Influence of some channeling agents on the release profile of Khaya Ivorensis - Ibuprofen matrix tablets | Abstract
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Influence of some channeling agents on the release profile of Khaya Ivorensis - Ibuprofen matrix tablets

Author(s): Uhumwangho M.U., Iwuagwu C .E and Latha K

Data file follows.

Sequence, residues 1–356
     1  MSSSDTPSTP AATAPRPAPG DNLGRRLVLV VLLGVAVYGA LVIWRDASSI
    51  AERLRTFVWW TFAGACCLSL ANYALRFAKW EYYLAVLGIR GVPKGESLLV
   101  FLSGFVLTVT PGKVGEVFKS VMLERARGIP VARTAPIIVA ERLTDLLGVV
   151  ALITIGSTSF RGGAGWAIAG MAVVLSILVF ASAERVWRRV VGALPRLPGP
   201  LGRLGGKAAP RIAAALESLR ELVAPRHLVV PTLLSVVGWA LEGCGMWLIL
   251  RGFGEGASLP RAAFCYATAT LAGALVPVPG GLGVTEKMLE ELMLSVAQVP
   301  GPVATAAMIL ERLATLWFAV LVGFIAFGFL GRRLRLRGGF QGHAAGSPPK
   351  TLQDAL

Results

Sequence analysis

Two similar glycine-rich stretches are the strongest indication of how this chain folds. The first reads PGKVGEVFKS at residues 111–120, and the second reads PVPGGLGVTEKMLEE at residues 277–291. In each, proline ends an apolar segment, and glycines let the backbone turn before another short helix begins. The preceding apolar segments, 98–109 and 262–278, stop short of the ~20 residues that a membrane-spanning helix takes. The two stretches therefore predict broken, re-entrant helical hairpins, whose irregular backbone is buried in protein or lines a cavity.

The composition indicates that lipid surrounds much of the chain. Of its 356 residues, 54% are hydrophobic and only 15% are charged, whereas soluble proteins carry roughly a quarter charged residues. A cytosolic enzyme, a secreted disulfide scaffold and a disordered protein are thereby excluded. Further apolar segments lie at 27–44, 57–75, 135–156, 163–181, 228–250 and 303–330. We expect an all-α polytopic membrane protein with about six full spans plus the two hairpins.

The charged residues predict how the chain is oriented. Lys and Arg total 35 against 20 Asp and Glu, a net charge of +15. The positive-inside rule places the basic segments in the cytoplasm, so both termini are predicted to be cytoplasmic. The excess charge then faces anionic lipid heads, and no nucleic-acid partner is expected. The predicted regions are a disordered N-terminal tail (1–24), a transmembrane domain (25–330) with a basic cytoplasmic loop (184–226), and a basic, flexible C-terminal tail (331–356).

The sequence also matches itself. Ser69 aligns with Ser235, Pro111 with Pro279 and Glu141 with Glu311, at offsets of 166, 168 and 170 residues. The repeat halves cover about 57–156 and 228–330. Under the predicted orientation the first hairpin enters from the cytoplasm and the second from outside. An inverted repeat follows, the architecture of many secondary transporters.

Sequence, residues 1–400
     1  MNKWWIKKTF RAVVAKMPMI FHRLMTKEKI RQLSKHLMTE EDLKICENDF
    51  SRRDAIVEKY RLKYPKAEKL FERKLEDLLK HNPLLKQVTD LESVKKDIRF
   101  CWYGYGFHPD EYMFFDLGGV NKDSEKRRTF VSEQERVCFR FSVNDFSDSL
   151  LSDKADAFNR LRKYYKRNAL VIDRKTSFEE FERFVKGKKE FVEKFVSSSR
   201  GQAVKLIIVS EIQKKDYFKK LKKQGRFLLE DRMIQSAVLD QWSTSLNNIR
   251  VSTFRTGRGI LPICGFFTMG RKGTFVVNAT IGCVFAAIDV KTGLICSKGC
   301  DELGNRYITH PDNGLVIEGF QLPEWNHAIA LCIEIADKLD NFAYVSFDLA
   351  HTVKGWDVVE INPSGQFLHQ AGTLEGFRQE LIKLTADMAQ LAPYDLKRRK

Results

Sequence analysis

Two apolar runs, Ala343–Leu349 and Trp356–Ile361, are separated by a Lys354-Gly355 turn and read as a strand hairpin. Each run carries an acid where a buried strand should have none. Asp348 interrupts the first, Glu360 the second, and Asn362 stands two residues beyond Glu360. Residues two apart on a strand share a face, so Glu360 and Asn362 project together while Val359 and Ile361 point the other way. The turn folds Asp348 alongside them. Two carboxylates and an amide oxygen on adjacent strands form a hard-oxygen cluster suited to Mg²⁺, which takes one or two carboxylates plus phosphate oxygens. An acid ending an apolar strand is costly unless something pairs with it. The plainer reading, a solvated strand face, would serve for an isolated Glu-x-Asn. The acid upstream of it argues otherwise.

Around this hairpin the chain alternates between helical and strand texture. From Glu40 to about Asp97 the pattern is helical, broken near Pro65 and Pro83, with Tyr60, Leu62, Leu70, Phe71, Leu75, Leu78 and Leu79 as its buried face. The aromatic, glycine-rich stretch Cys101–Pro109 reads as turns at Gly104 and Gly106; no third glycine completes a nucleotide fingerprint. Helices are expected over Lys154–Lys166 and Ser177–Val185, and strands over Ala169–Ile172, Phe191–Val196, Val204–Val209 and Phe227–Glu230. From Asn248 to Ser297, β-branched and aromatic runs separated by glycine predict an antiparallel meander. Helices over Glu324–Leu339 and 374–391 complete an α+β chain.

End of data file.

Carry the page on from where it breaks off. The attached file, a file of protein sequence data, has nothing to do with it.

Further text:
The study was carried out to investigate the effect of channeling agents (sodium chloride or mannitol) on the release profiles of ibuprofen-matrix tablets formulated with a natural gum. Ibuprofen matrix granules were formed by wet granulation technique using khaya gum (15%w/w). Different channeling agents at varying concentrations were incorporated. Magnesium stearate (0.5%w/w) was incorporated into the ibuprofen-matrix granules prior to compression at a compression load of 30 (arbitrary unit on the load scale). Granules were evaluated for micromeritic properties while the formulated tablets were evaluated for tablet crushing strength, friability and invitro dissolution studies. The release data were subject to different release kinetics and their release mechanism was studied. All granules were free flowing with angle of repose ≤310. The densities were not affected by the presence of any of the channeling agents. Generally, the dissolution rate increased with increase in concentration of the channeling agents. The influence was slightly more with sodium chloride compared with mannitol. For instance, the dissolution rate (m∞/t∞) without channeling agents and with channeling agents at same concentration (200mg) were 3.59%h-1 (without channeling agent), 6.04%h-1 (with mannitol as channeling agent) and 7.76%h-1 (with sodium chloride as channeling agent. The mechanism of drug release from these formulations followed anomalous transport, often termed as first-order release since the diffusional release exponent (n) for all the formulations was between  0.45 and 0.89. The presence of channeling agents influenced the release of drugs from the matrix system studied. Therefore; controlled amount as well as appropriate channeling agents can be used to enhance and modulate the release of drugs from such systems studied.